I left the YHA Perth City in the pouring rain. It had been home for four nights while I went outdoor gear shopping mad in the city. The manager said they would look after some of my gear that I did n’t need while hiking e.g. laptop, smarter clothes, shoes etc.
The usual guy was not on reception when I came to check out. This new chap said it wasn’t their policy to look after bags beyond one day. I was already cutting it fine to catch the bus and didn’t need this right now!
I stressed that the manager said it wouldn’t be an issue and eventually he caved in and took possession of my bag.
Broken bus and the skimpy
The bus was pretty full heading south towards Collie. I would have to change at Bunbury to a smaller bus. We pulled into Perth airport to pick up some passengers, and there we remained for nearly two hours.
The bus had broken down. The breaks had gone and we had to wait for a replacement. This two hour delay meant I arrived in Collie at 8pm. It was pouring with rain, freezing cold and I had no desire to camp at the holiday park.
I found a cheap room at a hotel on the main street. It was recommended to me, but in reality needed some serious investment. I popped to the pub next door and walked up to the bar. ‘Blimey’ I said aloud, as a bikini clad blonde asked what drink I wanted! It was an Alan Partridge moment and I felt a bit of an uncool twonk!
I scanned the rest of the bar and noted that many families were dining there too. It was not seedy, just a typical mining town tavern, with a ‘skimpy’ behind the bar.
I ordered a beer, plonked myself down and grabbed a menu. This menu had the most expensive bar food I’d ever seen (not helped by the dire £/$ exchange rate, thanks Brexit!). I finished my beer and ended up buying a (minimum) one day old pie from a nearby takeaway.
I had to food shop the next day which ended up taking ages. I stupidly picked up a cauliflower and a bag of carrots. I might as well picked up a three bricks and popped them in my backpack.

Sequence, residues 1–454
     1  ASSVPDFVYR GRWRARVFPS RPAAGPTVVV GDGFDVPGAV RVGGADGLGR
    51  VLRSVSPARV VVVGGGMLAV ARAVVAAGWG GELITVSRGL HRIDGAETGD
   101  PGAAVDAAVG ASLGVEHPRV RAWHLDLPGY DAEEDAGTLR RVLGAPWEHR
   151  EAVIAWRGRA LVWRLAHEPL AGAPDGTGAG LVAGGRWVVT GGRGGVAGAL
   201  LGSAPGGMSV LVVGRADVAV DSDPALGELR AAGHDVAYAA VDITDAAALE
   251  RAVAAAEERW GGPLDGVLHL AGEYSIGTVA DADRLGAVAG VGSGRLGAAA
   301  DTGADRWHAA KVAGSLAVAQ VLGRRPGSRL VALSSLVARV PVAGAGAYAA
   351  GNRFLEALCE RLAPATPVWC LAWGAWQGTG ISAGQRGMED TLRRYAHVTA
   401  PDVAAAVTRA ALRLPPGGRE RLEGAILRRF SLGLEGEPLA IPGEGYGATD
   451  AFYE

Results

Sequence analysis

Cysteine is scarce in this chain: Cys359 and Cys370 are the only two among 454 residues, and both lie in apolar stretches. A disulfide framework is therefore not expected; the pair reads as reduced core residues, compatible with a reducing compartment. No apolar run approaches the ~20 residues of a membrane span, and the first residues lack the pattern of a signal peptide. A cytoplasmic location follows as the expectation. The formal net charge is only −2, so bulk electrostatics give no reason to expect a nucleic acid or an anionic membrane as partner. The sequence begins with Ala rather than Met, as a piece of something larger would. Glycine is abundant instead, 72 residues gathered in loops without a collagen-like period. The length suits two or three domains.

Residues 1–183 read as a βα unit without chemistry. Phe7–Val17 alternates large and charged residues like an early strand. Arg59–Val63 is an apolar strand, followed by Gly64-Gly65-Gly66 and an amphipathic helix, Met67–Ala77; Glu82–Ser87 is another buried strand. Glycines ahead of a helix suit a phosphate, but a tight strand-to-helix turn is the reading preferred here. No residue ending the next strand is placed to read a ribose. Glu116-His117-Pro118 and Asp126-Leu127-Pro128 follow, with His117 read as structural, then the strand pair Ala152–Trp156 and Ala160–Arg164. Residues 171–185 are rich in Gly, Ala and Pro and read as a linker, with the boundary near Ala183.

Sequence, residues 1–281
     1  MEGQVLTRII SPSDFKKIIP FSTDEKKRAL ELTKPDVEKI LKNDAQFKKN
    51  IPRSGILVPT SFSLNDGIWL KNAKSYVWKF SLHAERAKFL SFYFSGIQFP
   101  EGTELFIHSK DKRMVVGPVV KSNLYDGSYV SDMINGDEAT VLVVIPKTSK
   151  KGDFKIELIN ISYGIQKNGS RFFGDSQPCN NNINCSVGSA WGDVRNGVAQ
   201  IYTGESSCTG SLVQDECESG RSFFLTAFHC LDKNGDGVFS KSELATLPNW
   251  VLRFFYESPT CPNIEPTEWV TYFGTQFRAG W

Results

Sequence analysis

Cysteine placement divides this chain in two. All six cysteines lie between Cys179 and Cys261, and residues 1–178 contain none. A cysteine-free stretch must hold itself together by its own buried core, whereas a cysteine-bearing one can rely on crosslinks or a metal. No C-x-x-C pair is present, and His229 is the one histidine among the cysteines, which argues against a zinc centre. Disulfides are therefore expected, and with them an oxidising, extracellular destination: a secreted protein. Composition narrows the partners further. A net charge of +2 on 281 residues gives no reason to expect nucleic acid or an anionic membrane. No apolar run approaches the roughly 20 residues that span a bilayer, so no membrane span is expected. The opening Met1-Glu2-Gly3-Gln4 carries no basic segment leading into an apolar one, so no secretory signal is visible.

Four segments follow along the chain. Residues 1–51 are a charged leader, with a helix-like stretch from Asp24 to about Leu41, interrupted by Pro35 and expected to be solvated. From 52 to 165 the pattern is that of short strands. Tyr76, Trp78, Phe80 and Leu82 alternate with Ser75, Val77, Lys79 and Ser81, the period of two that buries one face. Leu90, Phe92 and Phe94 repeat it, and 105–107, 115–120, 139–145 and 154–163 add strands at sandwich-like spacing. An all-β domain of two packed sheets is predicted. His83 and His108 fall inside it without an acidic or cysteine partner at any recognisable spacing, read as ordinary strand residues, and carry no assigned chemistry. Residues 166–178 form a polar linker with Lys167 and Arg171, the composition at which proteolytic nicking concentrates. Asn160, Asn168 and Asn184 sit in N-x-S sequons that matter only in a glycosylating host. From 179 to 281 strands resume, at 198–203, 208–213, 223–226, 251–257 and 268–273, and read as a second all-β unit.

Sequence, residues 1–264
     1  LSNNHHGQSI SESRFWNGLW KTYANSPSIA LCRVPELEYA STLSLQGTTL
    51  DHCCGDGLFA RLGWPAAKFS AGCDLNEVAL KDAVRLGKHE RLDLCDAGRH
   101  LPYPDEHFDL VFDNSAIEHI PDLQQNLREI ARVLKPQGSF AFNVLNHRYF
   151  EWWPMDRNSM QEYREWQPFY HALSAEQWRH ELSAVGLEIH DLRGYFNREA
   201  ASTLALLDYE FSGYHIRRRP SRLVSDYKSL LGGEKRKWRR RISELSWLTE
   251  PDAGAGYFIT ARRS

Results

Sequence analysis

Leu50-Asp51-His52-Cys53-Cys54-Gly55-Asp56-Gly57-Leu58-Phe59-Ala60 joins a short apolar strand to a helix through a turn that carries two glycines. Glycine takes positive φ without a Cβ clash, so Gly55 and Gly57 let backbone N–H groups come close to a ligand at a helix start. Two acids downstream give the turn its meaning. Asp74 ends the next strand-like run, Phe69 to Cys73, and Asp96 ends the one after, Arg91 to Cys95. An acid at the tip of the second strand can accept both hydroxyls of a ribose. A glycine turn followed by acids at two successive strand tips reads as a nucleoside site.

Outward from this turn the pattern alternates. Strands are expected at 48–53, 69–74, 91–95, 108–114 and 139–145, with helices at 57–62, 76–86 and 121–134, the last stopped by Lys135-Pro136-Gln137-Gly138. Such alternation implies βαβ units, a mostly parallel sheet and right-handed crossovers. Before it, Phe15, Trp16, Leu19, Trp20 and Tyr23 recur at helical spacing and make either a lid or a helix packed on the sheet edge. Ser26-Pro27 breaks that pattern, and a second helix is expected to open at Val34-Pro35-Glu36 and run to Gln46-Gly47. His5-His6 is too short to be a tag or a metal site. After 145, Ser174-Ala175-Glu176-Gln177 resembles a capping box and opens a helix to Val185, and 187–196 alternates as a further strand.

Trees, bees and no snakes
The people of Collie were so friendly. I waited under a shelter for a short but vicious rain storm to pass. Three different groups of people came up to me and chatted. It was getting quite late and I briefly considered staying in the town one more night, but I needed to get walking.
The track in and out of Collie is a spur and not easy to find. I had Google maps and GPS to guide me, but I wasted a valuable 30 mins just looking for the actual track!
By the time I got to the overnight hut it was almost dark. Sunset was around 6.30pm. I hadn’t seen anyone after leaving Collie but was greeted by a young Swiss couple in the shelter. They were friendly but I sensed a tinge of disappointment in their faces. I suppose they were looking forward to having the hut to themselves, but would now have to share with a man and a cauliflower.
I ate a lot of veg that night due to the very poor choices I made in the supermarket. The cauliflower probably weighed more than my tent. I think the whole cauliflower thing only happened because I was in a town called Collie.
After all the backpacking I have done, you’d think I would know better. It was an impulse buy and I paid for it with an extra heavy pack. Another lesson learned. Don’t be tempted by cut price veg!
I eagerly put up my Naturehike tent that I bought from China via Amazon. It was only $100, so quite cheap for a backpacking tent. It is roomy, which is what I wanted. I might be sleeping and living under this piece of fabric for up to five months in NZ.
The next four days and nights were pretty identical. Endless jarrah forest in the days and the warmth of the shelters in the evening. The huts are three sided and provide good shelter, but I do wonder why they didn’t make them enclosed, particularly with such lethal wildlife and annoying bugs?
I was initially worried about snakes, scorpions, spiders etc, all of which can potentially inflict hideous death on a section hiker. So it was to my surprise that two English bulldogs would be the most dangerous animals I’d encounter!
I was on the track and skirting the Mungalup reservoir when the first dog chased me off. This happened again a few minutes later. Some bogan campers yelped and ridiculed me, as their ‘pet’ charged in my direction.
Some of the nights were almost down to 0C and I would have literally froze without my tent, which apparently adds up to 5C compared to outside. I managed to put my tent on the sleeping platforms too, meaning I could just use the inner on warmer nights.
By the last day of the Collie to Balingup stretch I had decided to make for the coast. My original plan was to continue through the forests to Pembleton, but I was bored looking at trees. Had there been more people about then I might have continued.